A Community of Commons wants to create on its territory a mini “cluster”; these now famous structures bring together companies, research centers, and educational institutions. The idea is to create a center of expertise that builds on existing structures and entities and leverages the expertise and culture of the territory. My role is to bring together stakeholders and bring them to jointly develop the project vision, co-construct the architecture, agree on objectives, and commit to a roadmap for implementation.

Stakeholders are a “circle.” Everyone has the same status: the president of the Community of Commons, other elected officials, business leaders, heads of trade chambers, researchers, teachers, and technicians. There is no difference in status. The project is the central concern, not the “leader.” The circle meets several times. These meetings are called “summits”; they are the important venue, structured to allow in-depth discussions, which lead to collective decisions and commitments.

Co-construction is a nice idea but it does not come naturally. We must begin by “confusing” the participants, so they abandon the representations they may have about each other, or prejudices they have on the subject, in order to open the field of possibilities. This is especially true when one meets people from different areas, who are strongly influenced by their own culture. We must organize meetings for participants to share, discover, and develop an appreciation of each other, focused on the strengths that each brings to the building community. It is then necessary to establish a collective writing exercise that allows each to really put his or her personal imprint on the collective achievements, participate in developing a shared vision, and find where he or she sits in this vision. We must then go deeper into detail, while maintaining the spirit of co-construction, and avoiding the usual trap that consists of delegating some of the detailed designs and expanding the link between authors and their work. And then, we must make choices and decisions and prioritize them.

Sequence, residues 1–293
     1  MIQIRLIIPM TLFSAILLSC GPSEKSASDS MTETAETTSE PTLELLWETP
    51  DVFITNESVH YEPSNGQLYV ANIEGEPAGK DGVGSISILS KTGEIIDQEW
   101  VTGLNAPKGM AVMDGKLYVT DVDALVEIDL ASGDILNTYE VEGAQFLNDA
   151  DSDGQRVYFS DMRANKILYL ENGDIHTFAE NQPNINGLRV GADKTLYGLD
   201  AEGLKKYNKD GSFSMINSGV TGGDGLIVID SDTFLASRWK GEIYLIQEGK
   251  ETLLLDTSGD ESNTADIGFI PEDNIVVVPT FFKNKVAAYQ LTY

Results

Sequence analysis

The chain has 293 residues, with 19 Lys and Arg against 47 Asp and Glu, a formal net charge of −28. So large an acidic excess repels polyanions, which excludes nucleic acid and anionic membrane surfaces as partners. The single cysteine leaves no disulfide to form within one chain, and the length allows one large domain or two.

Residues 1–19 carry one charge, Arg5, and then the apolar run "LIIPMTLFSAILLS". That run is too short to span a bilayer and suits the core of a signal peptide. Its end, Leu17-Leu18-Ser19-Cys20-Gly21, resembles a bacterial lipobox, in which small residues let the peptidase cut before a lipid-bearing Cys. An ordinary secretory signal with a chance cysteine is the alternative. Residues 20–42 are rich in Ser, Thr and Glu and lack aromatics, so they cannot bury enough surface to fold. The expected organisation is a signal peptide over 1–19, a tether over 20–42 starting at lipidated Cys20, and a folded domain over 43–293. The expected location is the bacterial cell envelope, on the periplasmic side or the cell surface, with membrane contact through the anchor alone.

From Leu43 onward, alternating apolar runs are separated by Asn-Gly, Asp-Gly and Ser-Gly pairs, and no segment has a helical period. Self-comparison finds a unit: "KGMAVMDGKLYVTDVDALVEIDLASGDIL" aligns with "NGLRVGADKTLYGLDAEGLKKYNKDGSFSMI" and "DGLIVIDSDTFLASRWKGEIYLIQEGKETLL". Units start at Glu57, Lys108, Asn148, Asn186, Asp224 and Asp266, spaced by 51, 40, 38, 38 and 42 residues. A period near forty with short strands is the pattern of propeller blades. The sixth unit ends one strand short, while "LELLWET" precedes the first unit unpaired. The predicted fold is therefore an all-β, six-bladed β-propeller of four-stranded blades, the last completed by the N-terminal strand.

At each stage, what’s important is not to apply a recipe, but to use approaches that enable one to stay faithful to the spirit of co-construction. In this example, we used the “six thinking hats,” by Edward De Bono (1985), to bring out all aprioris on the project in order to treat them rationally. Appreciative Inquiry (a methodology initiated by David Cooperrider(2003)) enabled us to then build a vision of the cluster, based on the region's assets and key players. Detailed design phases were conducted through “World Café,” a series of highly mobile and dynamic roundtables, which allow everyone to “put his two cents” into a process of gradual development.

After a few months, we had a vision, architecture, and nine goals for the project deliverables in order to put into implementation. Participants were satisfied with their work. However, for me, it lacked the crucial step: that of prioritisation. I now know from experience that it is relatively easy to agree on common goals. However, it is very difficult to prioritize them collectively. This requires making choices and acknowledging the facts that some are more important than others. This may revive the struggle for power and influence. In the past, I’ve seen a beautiful co-constructed building collapse in an instant at that stage. It was during the cluster story, that I considered it appropriate to adopt one of the principles of Edenburg’s sociocracy: the consent-based decision.